About 45 people gathered at the Fish Trap restaurant on Monday night, April 16, to hear what the St. John Community Foundation has been up to over the past year at the group’s annual meeting.
“It was a great meeting,” said SJCF executive director Celia Kalousek. “We had a big round table and we did a run down of what SJCF does and where we are financially. I explained how our money is split up and shared as many details about our programs as possible.”
SJCF used 70 percent — a total of $131,275 — of its expenditures in 2011 directly on program expenses with 17 percent, $30,688, spent on salaries and labor. A total of 11 percent, $20,750, of the group’s expenditures last year were spent on overhead like rent and utilities, with another two percent, $3,058, used for printing, copying and miscellaneous expenses.
After detailing exactly how their funds are spent, the meeting was opened to residents to explain their own organizations, according to Kalousek.
“We went around and asked folks what they were doing because the point is not to duplicate services,” she said. “We want to make the most of the money that is coming into St. John community groups. There were a lot of people doing a lot of good things so we need to stay in touch with each other to collaborate.”
“There are a lot of grants out there and I’d love to see organizations working together to get funding instead of competing with each other,” said the SJCF executive director. “There were a lot of seeds sown at the meeting. It was awesome.”
The meeting also helped Kalousek realize the different groups and programs and find out ways she can help their initiatives, she explained.
“It was really useful to hear from the different groups about what they are trying to do and to hear their wish lists and volunteer needs,” said the SJCF executive director. “There are so many grants out there and when I see them I want to know who I can pass them to. If there is no member of a group to write one, they can pull a team together and work on it together.”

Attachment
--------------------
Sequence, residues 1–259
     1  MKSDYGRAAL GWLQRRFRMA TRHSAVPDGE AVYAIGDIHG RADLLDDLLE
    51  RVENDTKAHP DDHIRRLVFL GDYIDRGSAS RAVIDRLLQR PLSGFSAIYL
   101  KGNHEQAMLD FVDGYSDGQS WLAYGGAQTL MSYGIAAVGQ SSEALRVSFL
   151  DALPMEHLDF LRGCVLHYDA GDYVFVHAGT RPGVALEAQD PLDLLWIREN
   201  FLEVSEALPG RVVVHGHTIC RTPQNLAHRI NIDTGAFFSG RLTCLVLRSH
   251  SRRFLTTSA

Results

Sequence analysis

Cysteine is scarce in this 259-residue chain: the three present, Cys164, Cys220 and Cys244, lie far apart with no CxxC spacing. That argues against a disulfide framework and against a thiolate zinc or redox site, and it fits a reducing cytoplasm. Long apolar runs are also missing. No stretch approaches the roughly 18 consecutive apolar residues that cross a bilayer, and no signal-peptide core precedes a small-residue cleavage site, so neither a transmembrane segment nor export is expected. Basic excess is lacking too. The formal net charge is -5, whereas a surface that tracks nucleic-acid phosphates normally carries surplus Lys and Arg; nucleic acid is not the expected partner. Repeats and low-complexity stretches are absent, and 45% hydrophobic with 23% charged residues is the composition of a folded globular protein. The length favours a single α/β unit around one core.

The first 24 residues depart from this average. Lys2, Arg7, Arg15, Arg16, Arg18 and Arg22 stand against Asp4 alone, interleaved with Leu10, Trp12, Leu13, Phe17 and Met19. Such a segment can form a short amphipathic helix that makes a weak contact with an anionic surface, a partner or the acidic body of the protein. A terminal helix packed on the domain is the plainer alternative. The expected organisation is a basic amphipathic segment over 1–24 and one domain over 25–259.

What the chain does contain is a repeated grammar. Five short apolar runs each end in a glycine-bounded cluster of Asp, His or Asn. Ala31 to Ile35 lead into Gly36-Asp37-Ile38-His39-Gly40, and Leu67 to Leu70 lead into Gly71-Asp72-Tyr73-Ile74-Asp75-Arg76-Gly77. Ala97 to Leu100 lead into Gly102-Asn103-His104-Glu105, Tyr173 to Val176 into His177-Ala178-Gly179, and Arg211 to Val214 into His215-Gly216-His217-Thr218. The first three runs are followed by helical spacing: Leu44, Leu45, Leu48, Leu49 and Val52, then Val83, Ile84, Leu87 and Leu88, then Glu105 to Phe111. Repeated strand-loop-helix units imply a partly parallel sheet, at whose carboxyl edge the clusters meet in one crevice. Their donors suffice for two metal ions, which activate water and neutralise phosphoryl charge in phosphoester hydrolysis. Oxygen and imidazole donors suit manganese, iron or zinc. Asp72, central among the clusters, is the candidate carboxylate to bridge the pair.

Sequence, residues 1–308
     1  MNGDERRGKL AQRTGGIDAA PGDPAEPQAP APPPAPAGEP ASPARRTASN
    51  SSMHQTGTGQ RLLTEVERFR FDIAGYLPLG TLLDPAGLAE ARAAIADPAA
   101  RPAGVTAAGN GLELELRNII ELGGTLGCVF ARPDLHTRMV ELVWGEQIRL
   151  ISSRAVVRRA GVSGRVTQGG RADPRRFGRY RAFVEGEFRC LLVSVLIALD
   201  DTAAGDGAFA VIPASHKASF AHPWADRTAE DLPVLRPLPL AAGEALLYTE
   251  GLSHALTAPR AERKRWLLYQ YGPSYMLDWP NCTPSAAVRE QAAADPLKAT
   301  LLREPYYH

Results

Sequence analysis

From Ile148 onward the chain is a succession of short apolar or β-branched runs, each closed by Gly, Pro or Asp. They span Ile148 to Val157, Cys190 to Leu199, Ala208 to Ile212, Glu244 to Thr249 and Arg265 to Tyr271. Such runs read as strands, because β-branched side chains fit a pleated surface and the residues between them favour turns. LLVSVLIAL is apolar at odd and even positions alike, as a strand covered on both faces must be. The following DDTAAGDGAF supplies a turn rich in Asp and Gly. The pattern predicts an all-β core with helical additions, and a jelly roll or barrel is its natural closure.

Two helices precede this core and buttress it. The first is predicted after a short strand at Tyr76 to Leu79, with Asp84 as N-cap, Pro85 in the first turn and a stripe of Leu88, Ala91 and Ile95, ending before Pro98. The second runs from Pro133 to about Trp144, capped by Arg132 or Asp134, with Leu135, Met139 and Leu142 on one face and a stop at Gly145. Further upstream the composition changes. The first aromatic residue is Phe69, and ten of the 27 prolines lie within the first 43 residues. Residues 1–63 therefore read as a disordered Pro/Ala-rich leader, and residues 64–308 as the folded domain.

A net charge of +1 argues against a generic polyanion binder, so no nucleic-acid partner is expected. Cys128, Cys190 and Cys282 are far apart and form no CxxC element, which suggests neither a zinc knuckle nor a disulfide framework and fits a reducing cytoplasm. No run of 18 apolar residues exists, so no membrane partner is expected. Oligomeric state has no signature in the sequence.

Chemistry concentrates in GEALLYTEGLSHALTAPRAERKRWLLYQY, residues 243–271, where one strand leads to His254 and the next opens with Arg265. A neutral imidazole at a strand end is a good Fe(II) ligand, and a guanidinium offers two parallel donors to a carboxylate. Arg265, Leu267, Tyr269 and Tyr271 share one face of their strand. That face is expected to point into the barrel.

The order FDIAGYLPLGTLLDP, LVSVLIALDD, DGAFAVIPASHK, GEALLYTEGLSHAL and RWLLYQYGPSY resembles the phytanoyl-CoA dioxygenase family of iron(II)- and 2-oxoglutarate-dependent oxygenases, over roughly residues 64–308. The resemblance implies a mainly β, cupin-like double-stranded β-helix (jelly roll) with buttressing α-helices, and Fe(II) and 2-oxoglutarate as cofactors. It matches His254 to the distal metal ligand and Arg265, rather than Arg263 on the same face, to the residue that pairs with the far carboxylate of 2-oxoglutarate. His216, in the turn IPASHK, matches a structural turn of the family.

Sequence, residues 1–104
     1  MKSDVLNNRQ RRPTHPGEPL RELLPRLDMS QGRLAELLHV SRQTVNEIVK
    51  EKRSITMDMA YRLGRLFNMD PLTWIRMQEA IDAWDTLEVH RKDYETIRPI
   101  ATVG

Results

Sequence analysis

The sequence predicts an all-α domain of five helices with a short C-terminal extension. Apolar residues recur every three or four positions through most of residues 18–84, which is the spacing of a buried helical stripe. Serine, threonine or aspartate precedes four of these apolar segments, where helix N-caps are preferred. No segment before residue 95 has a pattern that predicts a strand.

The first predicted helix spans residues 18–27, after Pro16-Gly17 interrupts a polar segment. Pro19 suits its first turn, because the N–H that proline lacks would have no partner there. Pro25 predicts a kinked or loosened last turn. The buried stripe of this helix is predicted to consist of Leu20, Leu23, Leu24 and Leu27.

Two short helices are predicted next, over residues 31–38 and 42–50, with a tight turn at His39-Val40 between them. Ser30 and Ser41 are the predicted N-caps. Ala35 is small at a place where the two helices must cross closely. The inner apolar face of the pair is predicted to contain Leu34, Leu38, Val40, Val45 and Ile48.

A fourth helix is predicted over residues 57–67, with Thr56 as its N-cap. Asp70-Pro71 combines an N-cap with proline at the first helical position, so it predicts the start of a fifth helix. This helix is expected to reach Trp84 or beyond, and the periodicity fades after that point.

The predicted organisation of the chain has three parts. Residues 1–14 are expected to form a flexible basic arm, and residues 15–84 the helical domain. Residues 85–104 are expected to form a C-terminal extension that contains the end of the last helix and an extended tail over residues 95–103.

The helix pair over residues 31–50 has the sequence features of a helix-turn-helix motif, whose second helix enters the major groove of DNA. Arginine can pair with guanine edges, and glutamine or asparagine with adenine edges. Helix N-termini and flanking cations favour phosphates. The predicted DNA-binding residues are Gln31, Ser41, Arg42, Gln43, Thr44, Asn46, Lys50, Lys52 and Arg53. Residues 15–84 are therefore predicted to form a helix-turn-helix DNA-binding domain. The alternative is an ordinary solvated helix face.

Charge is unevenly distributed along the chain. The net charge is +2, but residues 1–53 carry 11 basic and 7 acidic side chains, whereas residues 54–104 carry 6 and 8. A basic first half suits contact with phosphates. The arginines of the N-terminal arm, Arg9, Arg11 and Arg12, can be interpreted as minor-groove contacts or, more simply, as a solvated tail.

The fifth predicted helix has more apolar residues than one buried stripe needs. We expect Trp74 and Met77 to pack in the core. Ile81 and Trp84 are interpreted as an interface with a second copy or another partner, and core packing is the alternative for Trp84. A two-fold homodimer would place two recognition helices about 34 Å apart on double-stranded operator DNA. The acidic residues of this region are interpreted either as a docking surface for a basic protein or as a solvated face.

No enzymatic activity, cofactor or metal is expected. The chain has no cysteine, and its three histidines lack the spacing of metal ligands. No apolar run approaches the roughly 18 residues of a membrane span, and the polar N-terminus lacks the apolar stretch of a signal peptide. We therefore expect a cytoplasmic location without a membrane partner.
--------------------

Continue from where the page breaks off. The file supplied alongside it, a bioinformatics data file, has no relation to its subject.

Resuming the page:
“We want to facilitate collaboration so we can bring money to St. John and start working on these programs and initiatives,” said Kalousek.
Community organizations, like St. John Rescue and Island Green Building Association, were on hand to discuss their initiatives, Kalousek explained.
“There were several people at the meeting who are doing youth mentoring,” she said. “St. John Rescue folks were there and they talked about trying to get a grant for an oxygen production unit. I think a lot of people at the meeting realized how useful having the oxygen on island would be.”
“We talked about the environment and someone there wanted to know how to donate to IGBA,” Kalousek said. “There were people from the group there, so we were able to make that connection.”
Kalousek hopes to follow up with each of the groups in brainstorming sessions to further create opportunities for collaboration, she added.
“It’s really about this whole collective collaboration process and us working together,” said the SJCF executive director.
The group also took time during its annual meeting to celebrate saving its long-running and much-used Dial-a-Ride program, which was at risk of being eliminated when government funds were pulled.
“We certainly celebrated keeping Dial-a-Ride and gave Andy Stillman a shout out for throwing us the life line and the ability to pay barge and gas fees,” said Kalousek
Anyone who missed the meeting, but wants to find out how to collaborate with the group should call Kalousek at 693-9410.